Adrian Beltre hasn't talked contract extension with Red Sox

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Adrian Beltre signed a one-year contract with the Red Sox this winter in the hopes of putting together a big season and taking another crack at free agency, so not surprisingly Rob Bradford of WEEI.com reports that Beltre and the Red Sox “haven’t had any talks” regarding an extension.
Beltre is making $9 million this season and his contract includes a player option for next year that is currently $5 million and can rise to $10 million if he reaches 640 plate appearances, but that’s merely a technicality at this point.
He’ll likely be in line for several times that money after hitting .330/.370/.537 with 13 homers, 26 doubles, and 55 RBIs in the first half to make his first All-Star team, so right now Beltre (and agent Scott Boras) deciding to take the one-year deal in an effort to recoup the value lost in an injury wrecked 2009 season is looking awfully shrewd. And the Red Sox must be thrilled with the value they’ve received from a $9 million investment too.

Keith Law: The Braves have the best farm system. Who has the worst?

PHOENIX, AZ - APRIL 06:  General manager Dave Stewart of the Arizona Diamondbacks laughs on the field before the Opening Day MLB game against the San Francisco Giants at Chase Field on April 6, 2015 in Phoenix, Arizona.  (Photo by Christian Petersen/Getty Images)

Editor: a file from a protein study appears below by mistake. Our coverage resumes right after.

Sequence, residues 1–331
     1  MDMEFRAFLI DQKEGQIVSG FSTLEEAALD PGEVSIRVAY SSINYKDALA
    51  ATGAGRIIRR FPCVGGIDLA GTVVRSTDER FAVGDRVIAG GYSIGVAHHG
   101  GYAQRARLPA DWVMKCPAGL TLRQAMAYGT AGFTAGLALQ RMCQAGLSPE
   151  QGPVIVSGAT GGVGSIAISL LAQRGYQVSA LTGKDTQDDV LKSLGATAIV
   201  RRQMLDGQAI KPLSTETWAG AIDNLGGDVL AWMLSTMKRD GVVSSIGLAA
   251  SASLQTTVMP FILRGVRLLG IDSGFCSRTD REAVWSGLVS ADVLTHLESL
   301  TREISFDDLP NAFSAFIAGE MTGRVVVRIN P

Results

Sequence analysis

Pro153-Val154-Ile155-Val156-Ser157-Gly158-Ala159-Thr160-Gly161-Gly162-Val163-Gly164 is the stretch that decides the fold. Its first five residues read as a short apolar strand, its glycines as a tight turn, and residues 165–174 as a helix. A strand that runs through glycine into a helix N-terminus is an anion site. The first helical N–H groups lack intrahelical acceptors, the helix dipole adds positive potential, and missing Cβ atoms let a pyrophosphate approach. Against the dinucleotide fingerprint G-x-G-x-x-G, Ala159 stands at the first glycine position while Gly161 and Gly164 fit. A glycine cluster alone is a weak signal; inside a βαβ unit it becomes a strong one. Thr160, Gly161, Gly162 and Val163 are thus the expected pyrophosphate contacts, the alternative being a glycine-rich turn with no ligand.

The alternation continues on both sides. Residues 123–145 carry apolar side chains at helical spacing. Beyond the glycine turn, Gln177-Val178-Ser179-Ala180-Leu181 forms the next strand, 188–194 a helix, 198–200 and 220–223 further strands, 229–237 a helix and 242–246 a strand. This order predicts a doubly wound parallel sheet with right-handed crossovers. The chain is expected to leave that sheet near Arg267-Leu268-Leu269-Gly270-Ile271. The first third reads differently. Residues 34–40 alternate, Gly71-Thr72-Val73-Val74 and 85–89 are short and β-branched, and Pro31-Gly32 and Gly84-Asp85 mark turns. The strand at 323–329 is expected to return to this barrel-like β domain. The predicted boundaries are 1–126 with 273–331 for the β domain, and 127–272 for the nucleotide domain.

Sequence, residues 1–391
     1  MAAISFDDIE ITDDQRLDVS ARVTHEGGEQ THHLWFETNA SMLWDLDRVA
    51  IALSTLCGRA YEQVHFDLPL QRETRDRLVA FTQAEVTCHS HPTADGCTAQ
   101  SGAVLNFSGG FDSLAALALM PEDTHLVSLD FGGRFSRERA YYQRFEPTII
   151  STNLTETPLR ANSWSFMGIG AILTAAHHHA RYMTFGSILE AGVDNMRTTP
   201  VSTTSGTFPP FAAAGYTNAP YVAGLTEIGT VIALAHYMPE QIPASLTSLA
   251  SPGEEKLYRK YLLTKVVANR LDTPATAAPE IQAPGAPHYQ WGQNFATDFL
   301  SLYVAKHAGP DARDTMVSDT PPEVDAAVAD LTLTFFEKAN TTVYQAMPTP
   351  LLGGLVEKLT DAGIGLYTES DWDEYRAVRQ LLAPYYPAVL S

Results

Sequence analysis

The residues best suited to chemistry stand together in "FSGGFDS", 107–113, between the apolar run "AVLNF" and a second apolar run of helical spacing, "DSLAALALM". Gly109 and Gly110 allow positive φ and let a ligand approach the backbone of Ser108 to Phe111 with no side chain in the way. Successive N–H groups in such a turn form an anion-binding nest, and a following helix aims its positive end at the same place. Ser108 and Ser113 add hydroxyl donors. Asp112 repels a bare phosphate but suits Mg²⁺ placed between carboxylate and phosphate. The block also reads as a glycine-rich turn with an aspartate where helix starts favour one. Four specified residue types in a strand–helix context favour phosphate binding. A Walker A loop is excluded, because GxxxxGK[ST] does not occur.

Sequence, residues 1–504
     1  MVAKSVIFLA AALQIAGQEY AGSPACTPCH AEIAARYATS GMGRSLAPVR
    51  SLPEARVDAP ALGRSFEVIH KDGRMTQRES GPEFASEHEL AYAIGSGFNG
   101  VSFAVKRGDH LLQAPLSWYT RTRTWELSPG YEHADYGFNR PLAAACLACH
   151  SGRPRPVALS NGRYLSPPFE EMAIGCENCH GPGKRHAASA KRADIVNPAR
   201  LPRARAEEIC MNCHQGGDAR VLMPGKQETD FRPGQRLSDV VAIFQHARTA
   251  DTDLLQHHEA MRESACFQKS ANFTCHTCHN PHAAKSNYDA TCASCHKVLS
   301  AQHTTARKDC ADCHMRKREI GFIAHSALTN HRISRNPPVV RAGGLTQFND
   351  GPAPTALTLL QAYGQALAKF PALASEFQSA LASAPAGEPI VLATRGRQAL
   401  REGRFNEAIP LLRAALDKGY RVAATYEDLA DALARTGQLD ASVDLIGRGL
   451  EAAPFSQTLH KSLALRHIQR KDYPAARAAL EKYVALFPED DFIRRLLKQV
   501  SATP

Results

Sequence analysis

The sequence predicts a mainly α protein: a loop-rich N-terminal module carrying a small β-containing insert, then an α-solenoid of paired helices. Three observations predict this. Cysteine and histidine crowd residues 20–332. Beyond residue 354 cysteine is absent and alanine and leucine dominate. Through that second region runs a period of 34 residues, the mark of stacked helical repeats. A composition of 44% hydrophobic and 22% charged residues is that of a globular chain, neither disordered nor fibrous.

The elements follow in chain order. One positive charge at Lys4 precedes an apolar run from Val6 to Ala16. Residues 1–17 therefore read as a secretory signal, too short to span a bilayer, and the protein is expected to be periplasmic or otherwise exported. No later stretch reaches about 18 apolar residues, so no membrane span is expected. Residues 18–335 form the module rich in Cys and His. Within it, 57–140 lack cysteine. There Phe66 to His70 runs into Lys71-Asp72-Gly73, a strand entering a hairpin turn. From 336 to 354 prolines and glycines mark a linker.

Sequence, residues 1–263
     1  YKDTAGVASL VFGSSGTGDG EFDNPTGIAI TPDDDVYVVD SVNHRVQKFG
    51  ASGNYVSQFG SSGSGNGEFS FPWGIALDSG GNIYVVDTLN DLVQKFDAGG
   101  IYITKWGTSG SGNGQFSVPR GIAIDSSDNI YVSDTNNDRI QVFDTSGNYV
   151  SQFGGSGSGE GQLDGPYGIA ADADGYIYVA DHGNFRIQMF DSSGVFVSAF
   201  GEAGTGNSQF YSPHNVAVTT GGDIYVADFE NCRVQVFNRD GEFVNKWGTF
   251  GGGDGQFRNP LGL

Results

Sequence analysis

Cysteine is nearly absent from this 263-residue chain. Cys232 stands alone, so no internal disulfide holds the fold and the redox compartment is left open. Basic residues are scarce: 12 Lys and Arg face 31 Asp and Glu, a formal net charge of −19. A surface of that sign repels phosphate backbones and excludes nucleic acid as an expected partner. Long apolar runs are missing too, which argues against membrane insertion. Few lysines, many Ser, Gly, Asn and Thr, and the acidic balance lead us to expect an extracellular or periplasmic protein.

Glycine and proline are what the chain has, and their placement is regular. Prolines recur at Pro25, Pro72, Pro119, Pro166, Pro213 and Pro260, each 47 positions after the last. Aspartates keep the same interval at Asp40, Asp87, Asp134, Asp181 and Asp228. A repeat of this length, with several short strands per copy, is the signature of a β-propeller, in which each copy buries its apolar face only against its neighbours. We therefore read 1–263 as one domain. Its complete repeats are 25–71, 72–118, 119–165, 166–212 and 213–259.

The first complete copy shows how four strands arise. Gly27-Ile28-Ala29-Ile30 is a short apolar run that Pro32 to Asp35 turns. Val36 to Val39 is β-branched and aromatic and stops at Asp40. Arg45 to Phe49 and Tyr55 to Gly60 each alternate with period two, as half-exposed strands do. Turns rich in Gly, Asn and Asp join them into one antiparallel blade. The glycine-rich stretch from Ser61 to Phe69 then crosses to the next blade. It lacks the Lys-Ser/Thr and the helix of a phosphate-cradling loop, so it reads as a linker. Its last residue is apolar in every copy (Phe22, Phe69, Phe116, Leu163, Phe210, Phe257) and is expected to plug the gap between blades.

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Why is this man smiling? Man, I wouldn’t be smiling if I read what I just read.

This is the week when ESPN’s Keith Law releases his prospect and farm system rankings. He kicks off his content this week with a top-to-bottom ranking of all 30 farm systems. As a rule he limits his analysis to players who are currently in the minors and who have not yet exhausted their rookie of the year eligibility.

For the second straight year, Law ranks the Braves as the best system in baseball. Number two — making a big leap from last year’s number 13 ranking – is the New York Yankees. Dead last: the Arizona Diamondbacks, which Law says “Dave Stewart ritually disemboweled” over the past two years. That’s gotta hurt.

If you want to know the reasons and the rankings of everyone in between you’ll have to get an ESPN Insider subscription. Sorry, I know everyone hates to pay for content on the Internet, but Keith and others who do this kind of work put a lot of damn work into it and this is what pays their bills. I typically don’t like to pay for content myself, but I do pay for an ESPN Insider subscription. It’s worth it for Law’s work alone.

The Blue Jays will . . . not be blue some days next year

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The Toronto Blue Jays, like a lot of teams, will wear an alternate jersey next year. It’ll be for Sunday home games. They call it their “Canadiana,” uniforms. Which, hey, let’s hear it for national pride.

(question to Canada: my grandmother and my three of my four maternal great-grandparents were Canadian. Does that give me any rights to emigrate? You know, just in case? No reason for asking that today. Just curious!).

Anyway, these are the uniforms:

More like RED Jays, am I right?

OK, I am not going to leave this country. I’m going to stay here and fight for what’s right: a Major League Baseball-wide ban on all red alternate jerseys for anyone except the Cincinnati Reds, who make theirs work somehow. All of the rest of them look terrible.

Oh, Canada indeed.